Objectives: To evaluate the impact and acceptability of a training program on effective internet use for general practitioners (GPs). Methods: The training program entitled Chaos to Clarity was developed and piloted in 2005 and was designed to improve GP use of the internet for the purposes of gathering valid and clinically useful medical information. It involved a single session of 45-60 minutes conducted at the GP’s practice, and covered information management skills, search skills, structuring clinical questions, navigating through a selection of reputable clinical databases, and case studies. Thirty three GPs were recruited via three divisions of general practice in Melbourne following invitations via telephone calls, emails and newsletter advertisements. Three project officers were trained in delivering the program which was evaluated quantitatively through pre- and post-program surveys. Qualitative evaluation was also undertaken using semi-structured telephone interviews with 10 GPs and face-to-face interviews with the project officers. Results: Significant pre- to post-program differences were found for GPs’ knowledge about pre-appraised evidence-based medicine resources, frequency of use of the internet for clinical purposes, search skills and confidence, and perceived competence in using clinical databases. Favourable attitudes towards using of the internet to obtain clinical information were also reported by GPs. Qualitative data indicated that GPs were more likely to put the training into practice outside consultation times (rather than during consultation) as clinical searches take too long and can detract from doctor/patient rapport. GPs reported that they mainly use the internet to access patient education information, and to perform occasional quick searches for unfamiliar medications or illnesses. Conclusions: Training in efficient use of the internet can increase GP knowledge, skill and interest in using the internet to find evidence-based clinical information.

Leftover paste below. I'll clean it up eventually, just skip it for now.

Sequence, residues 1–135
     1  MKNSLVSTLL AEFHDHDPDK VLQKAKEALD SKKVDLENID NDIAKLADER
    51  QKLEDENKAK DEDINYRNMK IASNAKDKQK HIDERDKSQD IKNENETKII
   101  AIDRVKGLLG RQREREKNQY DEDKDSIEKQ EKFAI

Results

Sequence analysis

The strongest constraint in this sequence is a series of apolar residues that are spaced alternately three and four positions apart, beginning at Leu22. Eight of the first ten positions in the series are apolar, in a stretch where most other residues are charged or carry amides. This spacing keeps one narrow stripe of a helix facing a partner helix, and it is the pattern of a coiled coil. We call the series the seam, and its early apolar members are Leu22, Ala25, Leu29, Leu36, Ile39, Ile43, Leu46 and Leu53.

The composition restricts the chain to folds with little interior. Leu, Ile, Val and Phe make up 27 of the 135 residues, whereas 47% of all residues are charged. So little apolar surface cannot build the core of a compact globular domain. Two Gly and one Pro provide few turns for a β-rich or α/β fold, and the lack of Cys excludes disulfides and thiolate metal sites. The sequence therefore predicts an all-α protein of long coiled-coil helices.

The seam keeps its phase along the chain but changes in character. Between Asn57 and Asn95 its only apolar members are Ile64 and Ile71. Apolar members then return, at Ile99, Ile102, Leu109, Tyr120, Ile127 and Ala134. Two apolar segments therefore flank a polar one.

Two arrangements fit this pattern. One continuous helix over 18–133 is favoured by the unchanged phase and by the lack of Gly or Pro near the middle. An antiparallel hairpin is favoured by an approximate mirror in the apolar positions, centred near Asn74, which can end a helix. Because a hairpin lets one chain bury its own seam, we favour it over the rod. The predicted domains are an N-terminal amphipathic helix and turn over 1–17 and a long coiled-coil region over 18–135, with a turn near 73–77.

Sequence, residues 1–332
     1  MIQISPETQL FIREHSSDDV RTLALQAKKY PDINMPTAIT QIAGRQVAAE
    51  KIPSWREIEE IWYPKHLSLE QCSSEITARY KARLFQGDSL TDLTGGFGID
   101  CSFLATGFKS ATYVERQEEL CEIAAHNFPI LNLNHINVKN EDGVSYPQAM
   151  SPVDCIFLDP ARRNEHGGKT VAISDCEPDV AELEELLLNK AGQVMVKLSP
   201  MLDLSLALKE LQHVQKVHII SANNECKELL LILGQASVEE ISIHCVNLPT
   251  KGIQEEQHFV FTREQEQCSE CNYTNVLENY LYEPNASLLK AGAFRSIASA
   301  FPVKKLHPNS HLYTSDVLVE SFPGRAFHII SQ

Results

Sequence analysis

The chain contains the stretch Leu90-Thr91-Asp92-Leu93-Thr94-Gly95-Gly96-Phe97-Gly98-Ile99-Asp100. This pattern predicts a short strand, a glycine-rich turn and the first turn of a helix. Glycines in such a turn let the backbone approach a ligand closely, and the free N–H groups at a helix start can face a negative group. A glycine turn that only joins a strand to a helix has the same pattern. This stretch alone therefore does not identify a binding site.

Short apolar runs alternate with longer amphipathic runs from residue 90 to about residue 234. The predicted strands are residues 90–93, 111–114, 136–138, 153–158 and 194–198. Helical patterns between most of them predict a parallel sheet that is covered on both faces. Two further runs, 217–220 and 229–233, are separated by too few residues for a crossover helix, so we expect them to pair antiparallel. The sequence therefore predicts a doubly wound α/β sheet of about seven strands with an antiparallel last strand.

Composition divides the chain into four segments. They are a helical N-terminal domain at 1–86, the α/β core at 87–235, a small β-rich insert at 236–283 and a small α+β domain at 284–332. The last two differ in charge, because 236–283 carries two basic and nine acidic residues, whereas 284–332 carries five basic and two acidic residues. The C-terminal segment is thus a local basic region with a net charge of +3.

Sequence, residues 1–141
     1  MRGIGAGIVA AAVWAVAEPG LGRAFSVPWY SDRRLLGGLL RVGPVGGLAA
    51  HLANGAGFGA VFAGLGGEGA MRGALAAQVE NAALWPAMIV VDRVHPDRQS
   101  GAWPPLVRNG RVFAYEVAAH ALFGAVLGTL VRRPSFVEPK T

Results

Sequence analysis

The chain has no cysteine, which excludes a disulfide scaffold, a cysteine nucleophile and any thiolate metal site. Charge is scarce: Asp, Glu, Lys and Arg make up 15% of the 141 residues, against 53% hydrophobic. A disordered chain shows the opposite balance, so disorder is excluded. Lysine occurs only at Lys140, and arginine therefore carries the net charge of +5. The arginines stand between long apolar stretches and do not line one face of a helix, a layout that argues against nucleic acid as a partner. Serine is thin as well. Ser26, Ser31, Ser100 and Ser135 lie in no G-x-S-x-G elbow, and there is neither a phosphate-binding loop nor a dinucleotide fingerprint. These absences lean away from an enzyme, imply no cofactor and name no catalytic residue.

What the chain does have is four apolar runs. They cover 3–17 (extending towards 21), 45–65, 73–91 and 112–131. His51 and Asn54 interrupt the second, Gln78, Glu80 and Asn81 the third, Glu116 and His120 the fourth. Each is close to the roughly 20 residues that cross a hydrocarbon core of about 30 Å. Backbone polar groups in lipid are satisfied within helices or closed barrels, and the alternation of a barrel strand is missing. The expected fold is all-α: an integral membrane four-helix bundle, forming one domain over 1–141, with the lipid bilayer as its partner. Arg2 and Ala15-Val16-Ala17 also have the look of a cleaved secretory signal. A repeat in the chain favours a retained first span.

Internet; Continuing Professional Development; Evidence Based Medicine